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Arc’teryx Launches New Small-Format Store Concept in Canada

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Vancouver-based outdoor clothing and climbing gear brand Arc’teryx has unveiled a first-in-Canada store concept in the affluent Westmount area of Montreal. The 1,500 square foot location is smaller than other Arc’teryx stores and is branded as ‘Arc’type’, a concept which first launched in the United States a few months ago. 

The Westmount Arc’type store is located at 4868 Sherbrooke Street West in a beautiful historic grey stone retail complex housing several businesses in a row. The Arc’type store carries a range of the brand’s most celebrated designs, including award-winners, that were specifically selected to help introduce visitors to the store to Arc’teryx. The store features a light assortment of men’s and women’s jackets, pants and accessories in select colours and sizes.

Catherine Deslauriers of Aurora Realty Consultants negotiated the lease deal on behalf of the retailer. Cromwell is the landlord.

The Westmount store is the eighth for the Arc’type concept. Since June, Arc’teryx launched the new store concept in the United States where six stores operate in the San Francisco and New York City markets. That includes stores in San Francisco, Palo Alto and Walnut Creek in California as well as on Bleeker Street, the Flatiron District and the Upper West Side in New York City. An Arc’type store opened earlier this month in Covent Garden, London UK.

Arc'teryx in Westmount, Montreal
Arc’teryx Arc’type Concept Store in Westmount, Montreal (Photo: Arc’teryx)
Click image for interactive Google Map

The Arc’type stores are designed to be smaller in size than the other Arc’teryx brand stores to limit overhead costs, maximize retail space opportunities, test new markets efficiently, minimize carbon emissions, and expedite the store opening lead time. 

Minimal furnishings and accents characterize most Arc’type stores which feature a modular bracket system called the Toja Grid system that allows for simple and fast set up. The modular bracket system can also be easily disassembled and repurposed for another store. 

One unique feature of Arc’type stores is the fact that they are designed virtually using 3D imaging platform Matterport, which allowed the brand’s retail design and retail marketing teams to conceptualize, measure, and design the stores remotely.

Arc'teryx in Westmount, Montreal
Arc’teryx Arc’type Concept Store in Westmount, Montreal (Photo: Arc’teryx)

The 3D imaging platform eliminated the need for travel which the company said minimized the environmental impact while coordinating the store design quickly and safely during the pandemic.  

Arc’teryx hasn’t confirmed if any more Arc’type concept stores will be opening in the Canadian market. Given the flexibility of the small-format concept, it could be the case that more will open to test the waters in new markets by securing smaller spaces. Such a concept makes sense at this time.

Arc’teryx was founded in North Vancouver in 1989 and the company has a network of over 80 stores globally as well as over 3,000 wholesale accounts. 

Additional Images from Arc’teryx in Westmount, Montreal

Arc'teryx in Westmount, Montreal
Arc’teryx Arc’type Concept Store in Westmount, Montreal (Photo: Arc’teryx)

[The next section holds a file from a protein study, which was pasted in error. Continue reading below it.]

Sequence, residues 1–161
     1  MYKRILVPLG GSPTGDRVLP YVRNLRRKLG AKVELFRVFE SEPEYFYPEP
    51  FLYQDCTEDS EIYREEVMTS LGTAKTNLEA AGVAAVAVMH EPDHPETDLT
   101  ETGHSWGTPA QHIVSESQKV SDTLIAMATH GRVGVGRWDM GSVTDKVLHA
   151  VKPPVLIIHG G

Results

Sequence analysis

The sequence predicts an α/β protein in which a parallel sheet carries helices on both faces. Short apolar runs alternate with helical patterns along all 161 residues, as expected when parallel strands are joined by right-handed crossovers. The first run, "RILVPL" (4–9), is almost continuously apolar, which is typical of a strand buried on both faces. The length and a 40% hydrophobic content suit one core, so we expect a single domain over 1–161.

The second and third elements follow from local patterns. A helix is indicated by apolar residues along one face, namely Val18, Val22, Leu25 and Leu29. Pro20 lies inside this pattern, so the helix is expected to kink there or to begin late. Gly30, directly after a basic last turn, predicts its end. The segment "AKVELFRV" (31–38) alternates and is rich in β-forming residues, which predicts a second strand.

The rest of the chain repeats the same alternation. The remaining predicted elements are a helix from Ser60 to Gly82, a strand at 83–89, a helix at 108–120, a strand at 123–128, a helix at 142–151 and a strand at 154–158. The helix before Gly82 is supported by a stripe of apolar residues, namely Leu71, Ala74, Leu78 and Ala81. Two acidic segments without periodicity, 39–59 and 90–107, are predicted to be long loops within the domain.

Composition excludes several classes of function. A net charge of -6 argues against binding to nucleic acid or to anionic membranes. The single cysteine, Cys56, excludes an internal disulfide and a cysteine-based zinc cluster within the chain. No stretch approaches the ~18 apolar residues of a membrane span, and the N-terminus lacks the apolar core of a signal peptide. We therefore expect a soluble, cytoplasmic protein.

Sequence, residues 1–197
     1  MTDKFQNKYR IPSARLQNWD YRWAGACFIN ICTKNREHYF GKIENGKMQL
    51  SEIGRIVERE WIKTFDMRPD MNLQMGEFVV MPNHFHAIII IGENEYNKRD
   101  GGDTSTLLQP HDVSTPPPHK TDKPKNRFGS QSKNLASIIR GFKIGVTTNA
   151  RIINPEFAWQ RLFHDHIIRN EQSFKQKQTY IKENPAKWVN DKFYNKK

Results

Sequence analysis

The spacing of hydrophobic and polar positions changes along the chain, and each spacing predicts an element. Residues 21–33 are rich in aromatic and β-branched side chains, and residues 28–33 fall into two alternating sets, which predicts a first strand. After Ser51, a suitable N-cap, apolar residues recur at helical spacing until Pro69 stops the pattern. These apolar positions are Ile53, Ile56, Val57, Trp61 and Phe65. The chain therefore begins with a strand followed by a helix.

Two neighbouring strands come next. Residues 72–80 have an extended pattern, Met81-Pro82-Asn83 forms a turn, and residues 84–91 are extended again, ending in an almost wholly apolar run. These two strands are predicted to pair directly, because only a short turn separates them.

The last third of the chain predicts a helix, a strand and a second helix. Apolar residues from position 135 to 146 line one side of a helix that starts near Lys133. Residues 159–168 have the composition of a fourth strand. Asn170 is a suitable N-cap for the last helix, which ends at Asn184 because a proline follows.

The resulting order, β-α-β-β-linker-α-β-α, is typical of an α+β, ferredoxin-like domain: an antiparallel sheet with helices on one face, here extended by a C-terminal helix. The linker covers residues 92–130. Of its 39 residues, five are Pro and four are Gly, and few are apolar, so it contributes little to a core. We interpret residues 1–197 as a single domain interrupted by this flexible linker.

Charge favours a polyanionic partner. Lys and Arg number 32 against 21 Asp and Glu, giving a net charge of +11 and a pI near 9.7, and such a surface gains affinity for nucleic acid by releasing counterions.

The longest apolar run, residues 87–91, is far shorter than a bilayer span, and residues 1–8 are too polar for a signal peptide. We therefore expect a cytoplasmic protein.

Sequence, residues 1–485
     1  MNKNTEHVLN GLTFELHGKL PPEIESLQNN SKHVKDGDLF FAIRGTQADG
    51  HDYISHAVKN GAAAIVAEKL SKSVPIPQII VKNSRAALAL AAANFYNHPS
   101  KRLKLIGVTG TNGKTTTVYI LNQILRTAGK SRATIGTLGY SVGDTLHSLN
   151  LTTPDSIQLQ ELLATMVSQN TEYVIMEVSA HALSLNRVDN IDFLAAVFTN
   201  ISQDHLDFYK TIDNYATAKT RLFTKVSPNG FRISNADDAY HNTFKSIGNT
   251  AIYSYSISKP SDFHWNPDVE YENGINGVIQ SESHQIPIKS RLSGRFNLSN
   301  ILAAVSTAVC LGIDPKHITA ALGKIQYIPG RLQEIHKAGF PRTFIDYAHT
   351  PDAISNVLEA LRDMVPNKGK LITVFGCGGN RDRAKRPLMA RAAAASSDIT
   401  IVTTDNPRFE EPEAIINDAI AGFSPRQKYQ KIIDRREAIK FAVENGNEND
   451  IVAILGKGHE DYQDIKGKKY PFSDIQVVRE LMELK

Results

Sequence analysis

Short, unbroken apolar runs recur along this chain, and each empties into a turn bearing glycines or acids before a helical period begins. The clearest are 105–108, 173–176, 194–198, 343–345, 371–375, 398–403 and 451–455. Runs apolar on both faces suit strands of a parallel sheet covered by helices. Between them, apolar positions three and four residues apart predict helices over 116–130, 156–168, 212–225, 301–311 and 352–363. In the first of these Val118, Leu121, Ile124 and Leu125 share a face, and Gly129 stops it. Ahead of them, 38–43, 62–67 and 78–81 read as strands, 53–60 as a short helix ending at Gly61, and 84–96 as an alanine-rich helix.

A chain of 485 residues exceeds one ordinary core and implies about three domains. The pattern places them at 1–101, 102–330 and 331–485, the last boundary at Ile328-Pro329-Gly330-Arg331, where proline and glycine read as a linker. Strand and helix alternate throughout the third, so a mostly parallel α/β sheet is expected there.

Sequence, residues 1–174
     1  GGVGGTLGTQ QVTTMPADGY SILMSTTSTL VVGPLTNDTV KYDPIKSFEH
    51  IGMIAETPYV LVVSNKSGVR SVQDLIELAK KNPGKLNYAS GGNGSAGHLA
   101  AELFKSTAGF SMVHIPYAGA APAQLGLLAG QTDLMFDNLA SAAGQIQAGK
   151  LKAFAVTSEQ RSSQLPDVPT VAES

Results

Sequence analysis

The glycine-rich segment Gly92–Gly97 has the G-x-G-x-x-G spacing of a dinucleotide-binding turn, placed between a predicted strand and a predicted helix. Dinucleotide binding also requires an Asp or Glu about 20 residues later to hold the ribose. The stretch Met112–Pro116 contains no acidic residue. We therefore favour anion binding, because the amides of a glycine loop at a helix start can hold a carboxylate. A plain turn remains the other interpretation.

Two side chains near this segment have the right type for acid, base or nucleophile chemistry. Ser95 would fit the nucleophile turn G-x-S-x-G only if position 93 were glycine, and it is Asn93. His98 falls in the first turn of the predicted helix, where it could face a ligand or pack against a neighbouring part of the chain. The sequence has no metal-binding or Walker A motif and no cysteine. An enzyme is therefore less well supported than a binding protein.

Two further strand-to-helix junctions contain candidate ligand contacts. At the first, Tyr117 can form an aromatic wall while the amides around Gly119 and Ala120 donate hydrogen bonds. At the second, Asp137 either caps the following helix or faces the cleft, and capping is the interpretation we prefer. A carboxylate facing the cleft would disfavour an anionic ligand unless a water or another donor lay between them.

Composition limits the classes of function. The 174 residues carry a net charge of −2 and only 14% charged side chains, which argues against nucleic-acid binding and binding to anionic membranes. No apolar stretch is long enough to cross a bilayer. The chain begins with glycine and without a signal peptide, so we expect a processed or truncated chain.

Arc'teryx in Westmount, Montreal
Arc’teryx Arc’type Concept Store in Westmount, Montreal (Photo: Arc’teryx)
Arc'teryx in Westmount, Montreal
Arc’teryx Arc’type Concept Store in Westmount, Montreal (Photo: Arc’teryx)
Arc'teryx in Westmount, Montreal
Arc’teryx Arc’type Concept Store in Westmount, Montreal (Photo: Arc’teryx)
Arc'teryx in Westmount, Montreal
Arc’teryx Arc’type Concept Store in Westmount, Montreal (Photo: Arc’teryx)
Arc'teryx in Westmount, Montreal
Arc’teryx Arc’type Concept Store in Westmount, Montreal (Photo: Arc’teryx)

Article Author

Craig Patterson
Located in Toronto, Craig is the Editor-in-Chief of Retail Insider and President/CEO of Retail Insider Media Ltd. He is also a retail analyst and consultant, Director of Applied Research at the University of Alberta School of Retailing in Edmonton, and consultant to the Retail Council of Canada. He has studied the Canadian retail landscape for over 25 years and he holds Bachelor of Commerce and Bachelor of Laws Degrees.

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1 COMMENT

  1. The evolution of Sherbrooke Street West proceeds apace. When I was a student back in a previous century, there was a concentration of upmarket retailers along Sherbrooke in the Golden Square Mile just west of the Roddick Gates at McGill University approximately to Guy Street. Now, most of those stores have closed and the more fashionable, pricier shops have moved westward into Westmount itself. It was always a commercial strip, but over the past decade, it has become an increasingly popular place for specialty or fashion-forward brands to open a street-front location. Besides the specific issues that led to this change (zoning, leases, demographics), there could be a more general lesson about how and why markets shift in urban settings. Sherbrooke Street in Centre-ville is still a wealthy part of the city anchored by McGill, The Ritz-Carlton Hotel, and The Museum of Fine Arts, and many affluent residents still live on or adjacent to the street. The renovation of the much admired art-deco former Holt Renfrew store and developer Broccolini’s planned condominium project Le Sherbrooke at the corner of Guy might signal an eventual revival.

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